Blueprint for new downtown core in Barrhaven endorsed by City of Ottawa committee

A new proposed Barrhaven downtown secondary plan was presented to the City of Ottawa's planning committee on Thursday, Nov. 28, 2019. City of Ottawa

UPDATE: Ottawa city council unanimously approved the Barrhaven downtown secondary plan on Wednesday, Dec. 11, 2019.

Ottawa’s planning committee has endorsed a major refresh of the blueprint for Barrhaven’s town centre that envisions transforming the area into a proper, walkable downtown core with a civic and cultural centre at the heart of the community.

Right now, the town centre’s growth and development are driven by a 13-year-old community design plan and secondary plan. However, “a large portion” of the town centre remains underdeveloped and anchored by big box stores, despite the goals in those plans and “the rapid growth in the surrounding community,” a staff report to the planning committee noted.

“To date, there remains untapped potential of the town centre to be formed as a mixed-use, transit-oriented node for the Barrhaven community,” the report said.

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Barrhaven Coun. Jan Harder says the suburb’s population is swelling and the community is ready for a developed downtown core, especially given the area will eventually be the intersection of two rapid-transit corridors.

“It’s a game changer to be approaching 100,000 people,” Harder said on Thursday.

Barrhaven is located southwest of Ottawa’s downtown core. The suburb’s town centre is 165 hectares of land bordered by Strandherd Drive to the north, Longfields Drive to the east, the Jock River to the south and the Kennedy-Burnett stormwater management facility to the west.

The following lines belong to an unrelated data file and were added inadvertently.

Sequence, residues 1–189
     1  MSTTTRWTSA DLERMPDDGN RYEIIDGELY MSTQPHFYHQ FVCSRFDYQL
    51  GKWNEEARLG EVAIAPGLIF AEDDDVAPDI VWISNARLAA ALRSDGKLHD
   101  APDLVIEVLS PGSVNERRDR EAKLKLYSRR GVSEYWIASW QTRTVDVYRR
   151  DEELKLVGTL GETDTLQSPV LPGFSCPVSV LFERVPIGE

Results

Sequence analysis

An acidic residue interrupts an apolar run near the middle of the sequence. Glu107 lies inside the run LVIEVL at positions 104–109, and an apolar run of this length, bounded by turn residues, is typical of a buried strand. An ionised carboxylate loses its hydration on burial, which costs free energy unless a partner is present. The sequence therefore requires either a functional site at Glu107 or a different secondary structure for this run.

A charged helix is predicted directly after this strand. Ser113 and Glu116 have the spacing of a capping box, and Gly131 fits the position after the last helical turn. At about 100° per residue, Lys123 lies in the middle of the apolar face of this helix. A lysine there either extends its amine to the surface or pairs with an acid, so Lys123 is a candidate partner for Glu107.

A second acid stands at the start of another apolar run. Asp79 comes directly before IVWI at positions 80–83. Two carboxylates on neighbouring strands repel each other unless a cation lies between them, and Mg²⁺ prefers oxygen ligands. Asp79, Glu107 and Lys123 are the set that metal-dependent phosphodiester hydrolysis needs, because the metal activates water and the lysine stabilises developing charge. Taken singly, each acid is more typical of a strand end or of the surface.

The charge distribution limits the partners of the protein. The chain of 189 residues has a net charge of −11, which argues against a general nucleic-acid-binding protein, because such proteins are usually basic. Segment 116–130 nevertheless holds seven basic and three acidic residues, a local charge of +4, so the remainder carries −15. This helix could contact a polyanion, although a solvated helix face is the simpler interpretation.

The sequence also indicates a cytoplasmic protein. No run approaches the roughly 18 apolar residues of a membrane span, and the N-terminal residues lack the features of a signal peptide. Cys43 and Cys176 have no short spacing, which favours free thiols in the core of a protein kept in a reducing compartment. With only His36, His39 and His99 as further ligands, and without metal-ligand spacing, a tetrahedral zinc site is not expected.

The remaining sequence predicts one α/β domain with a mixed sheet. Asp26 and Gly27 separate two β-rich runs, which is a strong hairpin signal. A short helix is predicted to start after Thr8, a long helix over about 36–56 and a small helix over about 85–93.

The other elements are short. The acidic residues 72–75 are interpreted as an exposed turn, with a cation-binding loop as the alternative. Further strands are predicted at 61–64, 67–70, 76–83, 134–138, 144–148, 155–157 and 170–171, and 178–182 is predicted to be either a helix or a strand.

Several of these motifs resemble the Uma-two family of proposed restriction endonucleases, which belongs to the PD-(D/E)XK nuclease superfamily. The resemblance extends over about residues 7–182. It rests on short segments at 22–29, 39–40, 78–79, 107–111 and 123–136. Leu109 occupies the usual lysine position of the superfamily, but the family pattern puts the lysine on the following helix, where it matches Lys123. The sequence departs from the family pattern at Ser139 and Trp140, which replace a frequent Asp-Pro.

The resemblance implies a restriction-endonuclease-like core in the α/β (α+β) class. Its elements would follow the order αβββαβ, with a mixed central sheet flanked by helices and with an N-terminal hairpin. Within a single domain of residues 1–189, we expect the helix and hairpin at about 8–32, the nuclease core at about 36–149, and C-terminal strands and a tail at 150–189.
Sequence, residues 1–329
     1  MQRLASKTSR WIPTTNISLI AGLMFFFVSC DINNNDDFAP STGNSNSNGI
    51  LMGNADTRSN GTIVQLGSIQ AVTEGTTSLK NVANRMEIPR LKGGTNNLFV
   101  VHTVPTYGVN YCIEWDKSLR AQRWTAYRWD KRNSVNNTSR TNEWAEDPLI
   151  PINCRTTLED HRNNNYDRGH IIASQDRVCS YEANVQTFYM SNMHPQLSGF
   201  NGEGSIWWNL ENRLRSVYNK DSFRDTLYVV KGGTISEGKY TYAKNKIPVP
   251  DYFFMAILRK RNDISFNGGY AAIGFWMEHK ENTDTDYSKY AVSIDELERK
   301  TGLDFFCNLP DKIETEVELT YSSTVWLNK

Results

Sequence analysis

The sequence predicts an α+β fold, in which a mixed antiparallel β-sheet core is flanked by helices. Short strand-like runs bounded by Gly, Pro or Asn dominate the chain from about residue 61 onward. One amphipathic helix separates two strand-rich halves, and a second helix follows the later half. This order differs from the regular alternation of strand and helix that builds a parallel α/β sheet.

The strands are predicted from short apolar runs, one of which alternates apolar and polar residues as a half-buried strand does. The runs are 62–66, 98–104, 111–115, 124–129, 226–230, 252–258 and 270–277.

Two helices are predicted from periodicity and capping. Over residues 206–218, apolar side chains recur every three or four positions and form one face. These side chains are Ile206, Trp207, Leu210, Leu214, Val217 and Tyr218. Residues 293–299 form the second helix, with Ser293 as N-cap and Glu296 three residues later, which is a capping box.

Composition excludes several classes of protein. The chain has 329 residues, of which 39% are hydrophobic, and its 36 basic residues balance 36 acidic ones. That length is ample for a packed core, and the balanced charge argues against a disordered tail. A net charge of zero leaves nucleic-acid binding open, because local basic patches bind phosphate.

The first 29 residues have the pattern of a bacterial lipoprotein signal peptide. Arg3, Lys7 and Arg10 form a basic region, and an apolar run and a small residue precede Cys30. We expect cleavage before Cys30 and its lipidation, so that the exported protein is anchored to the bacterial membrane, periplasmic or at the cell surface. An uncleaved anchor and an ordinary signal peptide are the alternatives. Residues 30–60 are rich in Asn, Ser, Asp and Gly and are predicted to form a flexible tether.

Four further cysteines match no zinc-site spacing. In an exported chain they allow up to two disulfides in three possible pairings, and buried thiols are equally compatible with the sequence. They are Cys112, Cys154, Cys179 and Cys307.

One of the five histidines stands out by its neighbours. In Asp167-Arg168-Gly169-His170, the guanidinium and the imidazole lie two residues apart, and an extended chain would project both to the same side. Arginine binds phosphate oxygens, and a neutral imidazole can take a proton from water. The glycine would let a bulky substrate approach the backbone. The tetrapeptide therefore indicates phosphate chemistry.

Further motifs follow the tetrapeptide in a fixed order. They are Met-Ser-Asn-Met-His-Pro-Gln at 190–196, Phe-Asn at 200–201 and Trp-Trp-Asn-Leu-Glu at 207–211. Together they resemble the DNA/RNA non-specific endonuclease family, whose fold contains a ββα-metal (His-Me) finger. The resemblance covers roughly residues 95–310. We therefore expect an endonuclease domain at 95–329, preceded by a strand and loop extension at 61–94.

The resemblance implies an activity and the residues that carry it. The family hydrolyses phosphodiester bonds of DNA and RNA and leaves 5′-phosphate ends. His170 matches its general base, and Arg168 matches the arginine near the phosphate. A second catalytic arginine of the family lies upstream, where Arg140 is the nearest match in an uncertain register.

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Richcraft Homes and Minto Communities, two of the major landowners within Barrhaven’s downtown area, initiated the move to refresh the design plan at Harder’s request. Representatives for the two companies said they have consulted with residents, community associations, businesses and landowners on the new plan over the last two years.

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On Thursday, staff presented their proposed new Barrhaven downtown secondary plan to the planning committee. Under the proposed plan, the area north of Chapman Mills Drive would be a mixed-use neighbourhood, while the land sandwiched between the road and the Jock River would be predominantly residential.

The new proposed vision for Barrhaven’s town centre presented to the City of Ottawa’s planning committee on Thursday, Nov. 28, 2019. City of Ottawa

The plan proposes expanding the Strandherd retail district “to support the growing community.” Staff argued that commercial use of this land is more “suitable” in the short- and mid-term and that this land could be built up later if the market supports intensification.

The plan also proposes revitalizing Barrhaven’s road, cycling and pedestrian networks, creating more “complete streets” that “[reinforce] the pedestrian experience and improve the public realm.” Chapman Mills Drive — an arterial road set to be expanded west past Longfields Drive and serve as a main transitway through the town centre — would be “prioritized as a mixed-use corridor.”